An investment is only as good as the price you can get when you ultimate divest yourself of it, and it looks like the Dax Foundation’s 2003 investment in the Academy Award statue awarded to Orson Welles for co-authoring the screenplay for Citizen Kane might not have been a wise move.
As we reported back in October, the Dax Foundation had purchased the Oscar statue back in 2003 and was planning to have it auctioned by Sotheby’s earlier this week, hoping to earn anywhere between $800,00 and $1.2 million. However, it failed to find a bidder who would meet the minimum price that the Dax Foundation had placed on it.
Welles’ personal copy of the film’s 156-page script, the last revised draft before the final shooting script, was sold for $97,000 to an anonymous telephone bidder.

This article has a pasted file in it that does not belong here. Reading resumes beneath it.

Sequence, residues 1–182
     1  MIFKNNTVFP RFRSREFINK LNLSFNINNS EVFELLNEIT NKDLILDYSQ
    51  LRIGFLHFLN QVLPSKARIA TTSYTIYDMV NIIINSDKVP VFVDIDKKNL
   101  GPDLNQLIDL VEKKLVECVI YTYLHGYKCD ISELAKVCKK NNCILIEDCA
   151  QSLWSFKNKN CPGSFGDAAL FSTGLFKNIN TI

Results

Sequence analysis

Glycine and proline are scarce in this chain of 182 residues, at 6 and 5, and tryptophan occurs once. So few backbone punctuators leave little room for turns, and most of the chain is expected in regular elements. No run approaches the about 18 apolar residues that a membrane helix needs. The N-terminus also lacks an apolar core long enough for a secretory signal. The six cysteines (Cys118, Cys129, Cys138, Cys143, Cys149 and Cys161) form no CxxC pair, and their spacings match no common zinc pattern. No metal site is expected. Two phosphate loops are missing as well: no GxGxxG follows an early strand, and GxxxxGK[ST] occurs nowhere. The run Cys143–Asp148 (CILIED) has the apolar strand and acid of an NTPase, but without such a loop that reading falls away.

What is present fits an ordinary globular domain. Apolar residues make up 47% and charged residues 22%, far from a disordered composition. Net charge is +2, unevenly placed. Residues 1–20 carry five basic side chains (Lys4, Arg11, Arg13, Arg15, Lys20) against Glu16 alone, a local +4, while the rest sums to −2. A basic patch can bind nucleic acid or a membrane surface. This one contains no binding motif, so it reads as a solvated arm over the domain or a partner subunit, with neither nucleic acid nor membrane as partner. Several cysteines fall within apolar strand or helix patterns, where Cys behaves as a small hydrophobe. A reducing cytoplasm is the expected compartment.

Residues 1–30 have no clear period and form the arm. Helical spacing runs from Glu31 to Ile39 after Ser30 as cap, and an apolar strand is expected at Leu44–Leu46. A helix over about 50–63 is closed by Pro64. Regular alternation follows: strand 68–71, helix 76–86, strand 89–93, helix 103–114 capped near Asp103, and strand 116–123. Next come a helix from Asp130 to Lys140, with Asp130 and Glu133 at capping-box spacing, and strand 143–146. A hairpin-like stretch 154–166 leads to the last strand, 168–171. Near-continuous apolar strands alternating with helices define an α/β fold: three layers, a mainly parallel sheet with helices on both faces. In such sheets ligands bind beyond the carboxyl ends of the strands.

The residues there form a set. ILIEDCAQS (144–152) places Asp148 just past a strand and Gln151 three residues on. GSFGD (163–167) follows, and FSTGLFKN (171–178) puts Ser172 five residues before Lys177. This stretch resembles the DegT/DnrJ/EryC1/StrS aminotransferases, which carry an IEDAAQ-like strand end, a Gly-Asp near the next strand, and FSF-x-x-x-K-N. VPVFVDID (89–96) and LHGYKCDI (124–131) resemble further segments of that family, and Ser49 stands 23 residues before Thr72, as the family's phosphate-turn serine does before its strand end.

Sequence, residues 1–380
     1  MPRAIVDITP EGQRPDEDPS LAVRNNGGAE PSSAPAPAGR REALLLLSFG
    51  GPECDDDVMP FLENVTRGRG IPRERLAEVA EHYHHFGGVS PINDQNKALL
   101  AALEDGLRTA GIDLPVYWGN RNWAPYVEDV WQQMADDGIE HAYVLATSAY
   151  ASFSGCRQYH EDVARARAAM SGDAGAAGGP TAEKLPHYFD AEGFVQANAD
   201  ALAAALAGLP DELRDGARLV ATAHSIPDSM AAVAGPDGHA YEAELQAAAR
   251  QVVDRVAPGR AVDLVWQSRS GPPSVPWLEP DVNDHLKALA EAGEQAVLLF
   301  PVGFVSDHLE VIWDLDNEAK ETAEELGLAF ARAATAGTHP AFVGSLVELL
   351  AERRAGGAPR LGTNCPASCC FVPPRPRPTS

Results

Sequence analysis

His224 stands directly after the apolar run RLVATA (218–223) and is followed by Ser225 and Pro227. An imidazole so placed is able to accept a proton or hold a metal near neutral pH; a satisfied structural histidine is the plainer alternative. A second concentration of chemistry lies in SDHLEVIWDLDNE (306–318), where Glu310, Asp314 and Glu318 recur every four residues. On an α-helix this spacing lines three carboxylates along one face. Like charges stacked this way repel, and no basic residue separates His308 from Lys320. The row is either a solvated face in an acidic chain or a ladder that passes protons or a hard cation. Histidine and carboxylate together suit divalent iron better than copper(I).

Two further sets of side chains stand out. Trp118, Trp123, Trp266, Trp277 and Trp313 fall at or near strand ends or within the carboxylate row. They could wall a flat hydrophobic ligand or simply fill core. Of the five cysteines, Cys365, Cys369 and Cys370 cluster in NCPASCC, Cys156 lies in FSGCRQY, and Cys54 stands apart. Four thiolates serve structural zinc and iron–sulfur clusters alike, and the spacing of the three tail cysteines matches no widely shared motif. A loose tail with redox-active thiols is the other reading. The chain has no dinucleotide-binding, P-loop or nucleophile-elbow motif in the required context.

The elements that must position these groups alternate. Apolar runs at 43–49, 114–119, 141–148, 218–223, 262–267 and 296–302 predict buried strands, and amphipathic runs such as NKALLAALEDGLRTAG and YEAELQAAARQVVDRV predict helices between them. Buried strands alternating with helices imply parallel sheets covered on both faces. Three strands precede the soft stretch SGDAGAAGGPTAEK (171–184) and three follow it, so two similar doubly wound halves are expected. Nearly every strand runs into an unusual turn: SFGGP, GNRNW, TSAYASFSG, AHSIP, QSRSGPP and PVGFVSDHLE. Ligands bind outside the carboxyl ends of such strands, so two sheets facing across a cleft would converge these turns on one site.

I have to admit to some surprise that there wasn’t a single bid that met the reserve price the Oscar had on it. Since the Academy clamped down on the sale of the statues starting in 1950, very few Oscars have hit the auction block and recent years, those that have were bought up by Academy members who then donated them back to the Academy. Steven Spielberg is known to have done this on a couple of occasions and I figured the historical value of this particular Oscar would have pulled an Academy-friendly philanthropist out of the woodwork.